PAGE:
The commissioners bought too many hybrid cars (selling others before their time). They are now considering selling some, while providing “out-of-county” employees commuter cars.

Xeriscaping ($240,000) was done at the expense of safety, while sidewalk connections in Blue Lake ($200,000) were ignored. Sod, rolled up in the pretext of saving water, was given away so citizens can water it instead of the county. It will take over 100 years to recover the cost by saving water. A specific administration building architectural feature, given to the county by the architect, was violated during the replanting.

If the citizens of Eagle County wish a green initiative, the commissioners should seek their input. After receiving a consensus, they should adopt a “green” plan. Continuing “knee-jerk” reactions to randomly tossed-out suggestion is illogical.

The environment must be preserved. uring the Homestake II water preservation hearings, I was often accused of being a “tree hugger” by officials from Colorado Springs and Aurora. Spending tax money for spending’s sake is not being environmentally sensitive. Without a well-conceived plan, random spending is only irrational behavior.

The future must be greener than the past. Sustainable decisions should also make good economic sense.

I applaud the leadership Eagle County (and the state) has shown in green initiatives, from building a recycling-transfer station, to purchasing wind power and considering solar installations at the airport. Eagle County should position itself into the new energy economy.

The time for largely symbolic gestures is over; ideas also need to bankroll. Xeriscaping the county building is one of those marginal, example-setting decisions that leans towards symbolism, that will not have a pay back for generations.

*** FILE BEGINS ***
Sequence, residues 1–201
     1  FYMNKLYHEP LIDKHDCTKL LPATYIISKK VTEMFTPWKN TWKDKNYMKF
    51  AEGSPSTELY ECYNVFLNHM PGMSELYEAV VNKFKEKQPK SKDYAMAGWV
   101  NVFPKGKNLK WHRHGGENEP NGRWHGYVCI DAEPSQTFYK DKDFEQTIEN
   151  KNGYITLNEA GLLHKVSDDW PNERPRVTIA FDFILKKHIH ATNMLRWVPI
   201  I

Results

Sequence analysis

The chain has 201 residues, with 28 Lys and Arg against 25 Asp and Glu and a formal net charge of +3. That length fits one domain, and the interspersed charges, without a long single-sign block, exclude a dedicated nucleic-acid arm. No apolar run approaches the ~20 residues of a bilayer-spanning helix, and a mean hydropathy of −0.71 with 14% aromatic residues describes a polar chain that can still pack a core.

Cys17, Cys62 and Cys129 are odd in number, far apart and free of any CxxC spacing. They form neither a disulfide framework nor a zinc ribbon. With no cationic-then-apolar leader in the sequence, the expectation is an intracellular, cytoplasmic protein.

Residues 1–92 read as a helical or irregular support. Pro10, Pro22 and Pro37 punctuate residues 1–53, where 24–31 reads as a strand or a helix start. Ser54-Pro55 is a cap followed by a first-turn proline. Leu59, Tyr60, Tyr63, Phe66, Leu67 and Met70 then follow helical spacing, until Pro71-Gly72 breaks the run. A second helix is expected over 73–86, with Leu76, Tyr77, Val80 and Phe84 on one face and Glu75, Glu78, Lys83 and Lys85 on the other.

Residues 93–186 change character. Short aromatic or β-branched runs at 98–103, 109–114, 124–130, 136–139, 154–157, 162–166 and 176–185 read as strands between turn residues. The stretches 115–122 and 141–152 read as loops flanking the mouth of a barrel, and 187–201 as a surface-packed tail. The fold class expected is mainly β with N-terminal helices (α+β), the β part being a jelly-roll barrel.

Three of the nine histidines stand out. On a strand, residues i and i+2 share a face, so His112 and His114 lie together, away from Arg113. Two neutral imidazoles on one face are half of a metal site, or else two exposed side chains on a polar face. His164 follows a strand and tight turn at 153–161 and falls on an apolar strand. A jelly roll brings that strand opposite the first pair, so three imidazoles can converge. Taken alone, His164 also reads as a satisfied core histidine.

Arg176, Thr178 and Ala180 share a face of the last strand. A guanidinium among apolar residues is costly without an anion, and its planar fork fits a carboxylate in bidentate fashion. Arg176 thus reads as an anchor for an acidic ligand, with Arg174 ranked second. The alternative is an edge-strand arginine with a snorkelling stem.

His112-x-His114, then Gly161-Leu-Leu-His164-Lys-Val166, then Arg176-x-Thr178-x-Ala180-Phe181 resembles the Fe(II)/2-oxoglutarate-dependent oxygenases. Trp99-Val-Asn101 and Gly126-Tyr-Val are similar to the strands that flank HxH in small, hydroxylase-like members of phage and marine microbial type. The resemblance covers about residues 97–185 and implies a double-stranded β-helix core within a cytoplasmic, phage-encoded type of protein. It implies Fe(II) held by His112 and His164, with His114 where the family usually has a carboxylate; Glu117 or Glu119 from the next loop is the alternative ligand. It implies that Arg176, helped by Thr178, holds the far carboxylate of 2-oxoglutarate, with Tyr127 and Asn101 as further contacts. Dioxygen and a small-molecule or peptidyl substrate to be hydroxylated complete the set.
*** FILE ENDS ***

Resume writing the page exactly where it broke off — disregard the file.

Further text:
That said, I thought the same of the Prius-fleet purchase, and with the price of gas, that suddenly looks wise.

I applaud the hiring of a director of sustainability, as long as that job brings in tangible savings in our facilities management. s we build facilities such as the Justice Center, the county, as a public entity, should plan for pay back over a longer term window for capital improvements that reduce future operating costs.

To be clear, our most important environmental footprint is written into our land-use code, through our high expectations for future development, and through what lands we choose to preserve.

I believe that we should do all that we can reasonably do to protect our environment. We should focus on where we can have the greatest impact for the most people and the greatest effect on reducing our impact on our world.

Recycling needs to be easier for Eagle County residents and it has to be curbside to work effectively. The county needs to work cooperatively with the towns of Eagle and Gypsum to make curbside recycling available in those communities.

I supported the Eagle Valley Alliance for Sustainability ( as an Avon Town Council member, support them as a private citizen and will continue to support them as a county commissioner. The Alliance is a community organization that promotes sustainable practices and programs in recycling, renewable energy and green building.

Sustainable solutions that really work will come from nonprofits, individuals and businesses. Taking care of our environment, locally or globally, just makes sense, and does not have to be overly complicated.

Sustainable choices make economic sense in the long run. We need to add flexibility to the Eco Build regulations so people and developers have the freedom to come up with new, creative sustainable solutions.

Staff Writer Melanie Wong can be reached at 970-748-2928 or